The UN expects the world population to reach 10 billion people by 2050. To provide humanity with essential nutrition, the existing food production must be doubled at the least. Ukraine plays a key role in achieving this global mission, as figures clearly show. So, let us look at several facts presented in the language of maths by First Deputy Minister of Agrarian Policy and Food of Ukraine Maksym Martynyuk.
In the recent years, our country exported more than 65% of its grain crops, being one of the guarantors of world food security. According to the US Department of Agriculture, in the 2016/2017 marketing year, Ukraine ranked third among the largest grain exporters in terms of barley exports, fourth by corn exports, and sixth by wheat exports. In terms of overall grain exports, we took silver, letting only the USA pass by.
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Every year, Ukrainian grain goes to over 90 countries of the world, 20 of which buy over 1 million tons annually. Our key partners on the grain market are in Asia, North Africa, the EU and the Middle East.
The grain sector remains a pillar of Ukraine's agribusiness. Grain crops account for a quarter of the total agricultural production. The grain sector generates 4.5% of GDP.
Around 32,000 farmers, or over 85% of their total number, are engaged in grain production. Every year, Ukrainian producers sow around 15 million hectares with grain crops, which is over half of the entire cultivated land in Ukraine.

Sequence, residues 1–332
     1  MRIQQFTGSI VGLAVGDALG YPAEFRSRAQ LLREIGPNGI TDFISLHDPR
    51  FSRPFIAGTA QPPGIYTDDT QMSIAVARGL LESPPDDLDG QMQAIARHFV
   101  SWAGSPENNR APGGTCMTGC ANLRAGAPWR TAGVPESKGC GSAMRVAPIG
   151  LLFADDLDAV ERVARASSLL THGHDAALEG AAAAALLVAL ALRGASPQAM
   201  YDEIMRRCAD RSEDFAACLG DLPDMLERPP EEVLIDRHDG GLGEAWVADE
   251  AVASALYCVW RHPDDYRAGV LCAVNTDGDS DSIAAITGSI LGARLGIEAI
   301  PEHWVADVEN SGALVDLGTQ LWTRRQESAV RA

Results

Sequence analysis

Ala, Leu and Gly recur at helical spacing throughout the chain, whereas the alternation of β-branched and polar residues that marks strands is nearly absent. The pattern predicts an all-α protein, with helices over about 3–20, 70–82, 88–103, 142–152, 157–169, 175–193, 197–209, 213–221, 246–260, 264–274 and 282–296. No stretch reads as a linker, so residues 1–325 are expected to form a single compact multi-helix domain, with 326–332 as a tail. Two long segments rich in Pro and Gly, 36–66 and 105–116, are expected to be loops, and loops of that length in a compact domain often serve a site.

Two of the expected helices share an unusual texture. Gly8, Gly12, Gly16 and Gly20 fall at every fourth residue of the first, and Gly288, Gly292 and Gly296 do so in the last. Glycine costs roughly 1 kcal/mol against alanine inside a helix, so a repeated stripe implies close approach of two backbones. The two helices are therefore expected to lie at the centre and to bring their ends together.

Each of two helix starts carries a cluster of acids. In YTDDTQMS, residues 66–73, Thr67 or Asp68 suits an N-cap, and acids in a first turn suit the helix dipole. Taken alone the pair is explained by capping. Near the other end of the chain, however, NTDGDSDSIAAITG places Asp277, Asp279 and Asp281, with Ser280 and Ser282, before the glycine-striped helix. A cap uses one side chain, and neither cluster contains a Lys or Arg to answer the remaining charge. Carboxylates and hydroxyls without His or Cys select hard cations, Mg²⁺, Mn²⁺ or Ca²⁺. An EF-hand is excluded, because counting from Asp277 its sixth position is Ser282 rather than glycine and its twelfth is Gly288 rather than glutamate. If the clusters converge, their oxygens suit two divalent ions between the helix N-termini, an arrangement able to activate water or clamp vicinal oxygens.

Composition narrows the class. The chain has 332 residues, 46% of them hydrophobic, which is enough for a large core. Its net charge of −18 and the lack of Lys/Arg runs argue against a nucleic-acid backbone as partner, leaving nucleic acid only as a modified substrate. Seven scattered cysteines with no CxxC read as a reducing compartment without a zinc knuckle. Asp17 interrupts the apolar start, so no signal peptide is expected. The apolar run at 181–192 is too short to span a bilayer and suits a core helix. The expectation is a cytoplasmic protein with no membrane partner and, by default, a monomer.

In the past 15 years, Ukraine made a huge leap in the grain sector. Grain production grew 2.7 times. In the previous 2016/2017 marketing year, Ukraine set another record, having harvested over 66 million tons of grain crops.
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However, the existing potential in agrarian production in Ukraine has not been exhausted. Moreover, in addition to the development of the general agrarian culture, there are several systemic drivers at once, which can ensure a significant growth in production. In particular, agricultural production is returning to abandoned or idle agricultural land (roughly 3-4 million hectares), irrigation is being restored, access to financing, modern technologies and equipment is being improved, while legal regulations become "friendlier" to business.
At the same time, further systemic development of the grain sector in Ukraine and the Black Sea region in the short term requires urgent solutions to grain logistics development and diversification tasks. The quality of grain also becomes a key requirement.
Thus, having a huge potential and opportunities, we clearly see a shortlist of tasks for 2018. It is up to every player in the grain market to fulfill them and ensure a new quality of "advanced grain maths".
Author: Maksym Martynyuk, First Deputy Minister of Agrarian Policy and Food of Ukraine
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